How To Calculate Torque? Here’s The Mathematical Equation

Posted: April 4, 2011 in technical info
Tags: , , , , ,

Whether you’re a science student, motorist or RC enthusiast, at some point you’d like to know how much torque is your motor good for. While there are elaborate tests to determine this, here’s a mathematical formula to determine your motor or engine’s torque, using existing information you may have on Horse Power (HP), and RPM. Assuming the information you have from the manufacturer’s manual is correct, you should have an accurate figure on the motor’s torque.

Remember, we’re talking about motor or engine torque here – not the torque at the wheels – for that, it’s a whole ballgame altogether where wheel weights and dimensions play a part, and you’ll need a dynometer.

Motor Torque = HP x 5252 / RPM

Let’s do a little case study example on the HPI Nitrostar K4.6 engine that comes stock on the Savage X 4.6 and the Savage X SS.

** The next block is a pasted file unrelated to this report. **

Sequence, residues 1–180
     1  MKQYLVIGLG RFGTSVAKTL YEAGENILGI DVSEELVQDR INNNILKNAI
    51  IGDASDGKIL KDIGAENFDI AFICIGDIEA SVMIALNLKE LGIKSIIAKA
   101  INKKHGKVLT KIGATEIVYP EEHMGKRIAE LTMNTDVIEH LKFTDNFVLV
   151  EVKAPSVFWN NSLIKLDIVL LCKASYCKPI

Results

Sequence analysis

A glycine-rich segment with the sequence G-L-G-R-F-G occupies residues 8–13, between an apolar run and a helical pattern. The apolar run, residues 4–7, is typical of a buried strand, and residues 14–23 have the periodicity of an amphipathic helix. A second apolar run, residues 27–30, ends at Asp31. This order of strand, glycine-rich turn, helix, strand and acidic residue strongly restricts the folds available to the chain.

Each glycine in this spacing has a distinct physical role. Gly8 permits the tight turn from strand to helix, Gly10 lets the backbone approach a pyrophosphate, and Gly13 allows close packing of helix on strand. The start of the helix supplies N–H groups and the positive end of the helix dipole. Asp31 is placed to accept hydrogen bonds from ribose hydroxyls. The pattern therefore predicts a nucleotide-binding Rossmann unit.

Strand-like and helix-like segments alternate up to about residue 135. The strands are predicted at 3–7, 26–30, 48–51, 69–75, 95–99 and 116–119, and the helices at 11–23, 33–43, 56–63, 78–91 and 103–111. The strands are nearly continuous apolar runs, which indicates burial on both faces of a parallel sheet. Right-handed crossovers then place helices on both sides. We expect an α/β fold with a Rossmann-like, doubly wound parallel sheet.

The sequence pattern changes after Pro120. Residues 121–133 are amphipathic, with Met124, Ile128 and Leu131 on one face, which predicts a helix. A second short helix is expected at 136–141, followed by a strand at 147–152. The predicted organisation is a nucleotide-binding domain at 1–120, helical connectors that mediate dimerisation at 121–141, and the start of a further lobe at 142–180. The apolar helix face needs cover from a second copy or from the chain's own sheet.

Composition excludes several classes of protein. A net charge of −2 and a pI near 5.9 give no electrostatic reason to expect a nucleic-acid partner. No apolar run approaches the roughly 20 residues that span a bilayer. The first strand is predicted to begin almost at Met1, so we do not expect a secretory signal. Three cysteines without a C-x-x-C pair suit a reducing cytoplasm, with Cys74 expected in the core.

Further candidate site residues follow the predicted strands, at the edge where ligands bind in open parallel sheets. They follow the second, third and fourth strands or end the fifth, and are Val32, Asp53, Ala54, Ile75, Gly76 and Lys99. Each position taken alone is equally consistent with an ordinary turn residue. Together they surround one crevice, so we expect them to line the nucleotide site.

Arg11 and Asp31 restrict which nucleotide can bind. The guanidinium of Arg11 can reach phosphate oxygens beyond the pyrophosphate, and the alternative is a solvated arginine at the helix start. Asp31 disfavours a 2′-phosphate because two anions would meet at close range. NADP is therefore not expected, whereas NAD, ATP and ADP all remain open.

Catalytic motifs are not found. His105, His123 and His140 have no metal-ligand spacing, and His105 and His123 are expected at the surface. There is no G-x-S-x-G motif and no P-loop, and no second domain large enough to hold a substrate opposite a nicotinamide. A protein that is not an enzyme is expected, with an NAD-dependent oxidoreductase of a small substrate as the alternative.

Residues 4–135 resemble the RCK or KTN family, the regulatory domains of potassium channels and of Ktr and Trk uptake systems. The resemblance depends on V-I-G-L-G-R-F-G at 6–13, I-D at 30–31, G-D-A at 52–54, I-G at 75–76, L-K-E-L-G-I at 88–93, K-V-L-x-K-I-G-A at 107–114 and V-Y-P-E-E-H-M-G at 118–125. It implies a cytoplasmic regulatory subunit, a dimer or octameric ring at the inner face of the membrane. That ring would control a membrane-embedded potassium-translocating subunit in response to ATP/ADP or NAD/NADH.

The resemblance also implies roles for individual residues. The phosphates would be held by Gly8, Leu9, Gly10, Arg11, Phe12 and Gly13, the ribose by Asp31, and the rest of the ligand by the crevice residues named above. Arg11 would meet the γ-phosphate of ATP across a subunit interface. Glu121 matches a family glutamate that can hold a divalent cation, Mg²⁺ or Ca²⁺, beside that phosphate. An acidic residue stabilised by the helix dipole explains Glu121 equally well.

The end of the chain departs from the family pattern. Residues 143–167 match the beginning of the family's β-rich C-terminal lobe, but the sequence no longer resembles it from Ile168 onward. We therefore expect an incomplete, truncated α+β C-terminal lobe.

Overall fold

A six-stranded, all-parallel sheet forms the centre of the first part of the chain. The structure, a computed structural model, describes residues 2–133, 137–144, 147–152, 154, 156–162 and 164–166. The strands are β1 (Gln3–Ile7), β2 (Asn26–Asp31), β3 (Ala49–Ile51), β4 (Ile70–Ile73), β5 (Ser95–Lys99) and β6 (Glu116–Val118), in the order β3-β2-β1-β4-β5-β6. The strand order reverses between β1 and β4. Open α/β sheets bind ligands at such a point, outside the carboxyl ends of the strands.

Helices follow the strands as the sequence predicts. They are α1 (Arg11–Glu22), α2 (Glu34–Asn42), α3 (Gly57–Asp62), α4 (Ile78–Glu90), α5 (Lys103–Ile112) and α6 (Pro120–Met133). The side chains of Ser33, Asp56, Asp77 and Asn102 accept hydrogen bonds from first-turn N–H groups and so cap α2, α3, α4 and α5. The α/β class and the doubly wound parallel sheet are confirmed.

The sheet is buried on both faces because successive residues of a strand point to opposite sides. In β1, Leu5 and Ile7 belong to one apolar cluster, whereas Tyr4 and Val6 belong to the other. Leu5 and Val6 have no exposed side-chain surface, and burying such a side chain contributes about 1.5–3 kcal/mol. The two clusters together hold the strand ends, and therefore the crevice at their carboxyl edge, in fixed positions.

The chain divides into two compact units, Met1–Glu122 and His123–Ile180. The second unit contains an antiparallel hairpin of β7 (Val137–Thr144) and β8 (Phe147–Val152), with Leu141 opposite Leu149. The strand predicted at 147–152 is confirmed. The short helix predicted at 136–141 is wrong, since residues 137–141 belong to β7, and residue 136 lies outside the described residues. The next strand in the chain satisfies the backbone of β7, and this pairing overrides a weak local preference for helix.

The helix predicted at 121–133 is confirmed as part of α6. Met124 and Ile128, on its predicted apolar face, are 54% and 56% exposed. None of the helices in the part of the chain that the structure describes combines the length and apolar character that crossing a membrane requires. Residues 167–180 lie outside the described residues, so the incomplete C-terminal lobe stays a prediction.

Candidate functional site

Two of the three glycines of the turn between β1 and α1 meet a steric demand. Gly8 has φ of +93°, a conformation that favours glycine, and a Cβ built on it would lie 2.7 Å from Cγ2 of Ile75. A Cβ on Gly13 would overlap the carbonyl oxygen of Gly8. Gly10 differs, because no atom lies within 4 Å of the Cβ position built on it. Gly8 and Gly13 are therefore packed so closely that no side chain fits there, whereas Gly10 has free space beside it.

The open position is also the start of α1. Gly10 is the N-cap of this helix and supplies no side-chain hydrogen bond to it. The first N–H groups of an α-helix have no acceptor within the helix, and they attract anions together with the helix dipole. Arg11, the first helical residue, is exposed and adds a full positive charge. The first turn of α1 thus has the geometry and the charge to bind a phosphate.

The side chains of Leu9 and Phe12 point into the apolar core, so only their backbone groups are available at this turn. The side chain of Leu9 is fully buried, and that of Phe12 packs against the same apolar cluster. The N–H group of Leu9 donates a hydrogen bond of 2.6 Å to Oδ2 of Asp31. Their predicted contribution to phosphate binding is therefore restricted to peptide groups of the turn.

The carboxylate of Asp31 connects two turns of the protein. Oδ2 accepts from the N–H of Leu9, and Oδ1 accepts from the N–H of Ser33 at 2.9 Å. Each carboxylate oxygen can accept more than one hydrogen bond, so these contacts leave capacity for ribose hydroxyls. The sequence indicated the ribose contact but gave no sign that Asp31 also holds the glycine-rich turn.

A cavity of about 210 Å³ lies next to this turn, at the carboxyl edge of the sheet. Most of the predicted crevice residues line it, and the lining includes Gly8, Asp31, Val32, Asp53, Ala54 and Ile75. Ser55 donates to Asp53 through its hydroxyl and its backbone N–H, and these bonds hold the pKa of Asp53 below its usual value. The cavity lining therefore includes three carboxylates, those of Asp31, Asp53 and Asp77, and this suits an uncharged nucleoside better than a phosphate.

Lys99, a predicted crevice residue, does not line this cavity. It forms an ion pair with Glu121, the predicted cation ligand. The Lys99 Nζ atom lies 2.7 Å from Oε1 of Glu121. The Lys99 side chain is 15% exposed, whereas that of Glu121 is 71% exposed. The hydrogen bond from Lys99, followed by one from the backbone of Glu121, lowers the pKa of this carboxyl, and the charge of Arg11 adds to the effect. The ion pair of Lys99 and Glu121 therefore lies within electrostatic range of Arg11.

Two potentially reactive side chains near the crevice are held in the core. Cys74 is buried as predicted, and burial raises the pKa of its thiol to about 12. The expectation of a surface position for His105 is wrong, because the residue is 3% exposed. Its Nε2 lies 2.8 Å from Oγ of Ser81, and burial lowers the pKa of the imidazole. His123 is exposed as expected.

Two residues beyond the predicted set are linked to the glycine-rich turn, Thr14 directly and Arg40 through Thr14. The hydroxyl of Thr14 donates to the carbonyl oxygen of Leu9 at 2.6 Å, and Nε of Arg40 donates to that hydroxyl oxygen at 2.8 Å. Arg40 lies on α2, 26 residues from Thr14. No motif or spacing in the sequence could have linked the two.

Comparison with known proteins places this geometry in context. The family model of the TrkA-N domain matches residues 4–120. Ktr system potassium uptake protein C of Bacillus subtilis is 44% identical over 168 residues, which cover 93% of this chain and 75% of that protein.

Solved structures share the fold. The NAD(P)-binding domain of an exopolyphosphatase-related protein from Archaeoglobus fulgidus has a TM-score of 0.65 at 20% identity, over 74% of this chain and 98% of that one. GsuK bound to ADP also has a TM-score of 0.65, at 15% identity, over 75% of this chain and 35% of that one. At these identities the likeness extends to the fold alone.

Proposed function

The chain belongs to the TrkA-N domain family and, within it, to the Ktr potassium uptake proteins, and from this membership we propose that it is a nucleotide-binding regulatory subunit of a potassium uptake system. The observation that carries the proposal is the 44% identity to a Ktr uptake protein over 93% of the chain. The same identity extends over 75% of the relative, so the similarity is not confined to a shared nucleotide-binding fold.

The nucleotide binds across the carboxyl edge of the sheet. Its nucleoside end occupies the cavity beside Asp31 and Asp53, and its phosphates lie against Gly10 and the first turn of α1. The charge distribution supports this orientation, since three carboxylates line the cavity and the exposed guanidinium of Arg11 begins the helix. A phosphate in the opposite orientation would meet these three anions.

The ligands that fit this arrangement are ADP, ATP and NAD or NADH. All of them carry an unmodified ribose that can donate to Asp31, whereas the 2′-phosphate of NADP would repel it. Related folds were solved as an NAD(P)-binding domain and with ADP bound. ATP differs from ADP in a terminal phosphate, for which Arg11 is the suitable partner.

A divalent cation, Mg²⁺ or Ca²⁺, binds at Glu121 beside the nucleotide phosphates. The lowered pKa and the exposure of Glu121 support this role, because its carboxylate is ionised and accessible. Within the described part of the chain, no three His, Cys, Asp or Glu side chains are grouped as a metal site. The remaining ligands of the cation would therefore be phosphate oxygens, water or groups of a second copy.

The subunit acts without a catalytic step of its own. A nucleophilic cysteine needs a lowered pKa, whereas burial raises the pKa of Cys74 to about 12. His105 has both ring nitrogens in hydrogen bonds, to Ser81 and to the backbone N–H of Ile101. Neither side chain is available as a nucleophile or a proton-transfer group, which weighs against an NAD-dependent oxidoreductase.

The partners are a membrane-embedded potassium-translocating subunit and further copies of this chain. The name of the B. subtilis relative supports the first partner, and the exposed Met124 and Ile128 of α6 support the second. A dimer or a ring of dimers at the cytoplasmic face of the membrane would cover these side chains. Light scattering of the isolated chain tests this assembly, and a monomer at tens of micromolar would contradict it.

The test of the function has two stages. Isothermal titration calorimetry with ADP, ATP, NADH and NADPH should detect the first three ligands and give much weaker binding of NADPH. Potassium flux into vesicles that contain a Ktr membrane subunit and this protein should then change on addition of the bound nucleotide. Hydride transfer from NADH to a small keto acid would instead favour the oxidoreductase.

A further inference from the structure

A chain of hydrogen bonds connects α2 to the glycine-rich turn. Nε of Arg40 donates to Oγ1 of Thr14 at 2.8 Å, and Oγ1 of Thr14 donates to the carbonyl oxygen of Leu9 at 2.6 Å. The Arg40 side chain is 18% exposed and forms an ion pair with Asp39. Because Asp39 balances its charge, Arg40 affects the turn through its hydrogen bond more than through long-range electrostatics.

HP = 2.9

RPM= 35,000

Going by the above equation, the Nitrostar K4.6’s torque would then be as follows:

Torque (K4.6) = 2.9 x 5252 /35000
= 0.435

That’s pretty pathetic.

On the other hand let’s see how the SH .28 base model engine would do:

HP = 3.3

RPM = 28,000

Torque (SH .28) = 3.3 x 5252 / 28,000
= 0.62.

A good 50% more.


  1. Raag90 says:

    hey there…I was interested in actually trying to calculate the torque at the wheels of my electric hub motor for a final year project….I totally agree that you have to take weight transfer into account and all…but how would I actually theoretically go on about doing this?…your explanation above was fantastic, and I would really appreciate any help..cheers

    • If your assignment concerns purely the torque at the wheels, a wheel dynamometer should do the trick! Even if it doesn’t give a torque rating, but instead a hp rating, i presume you could use the equation given.

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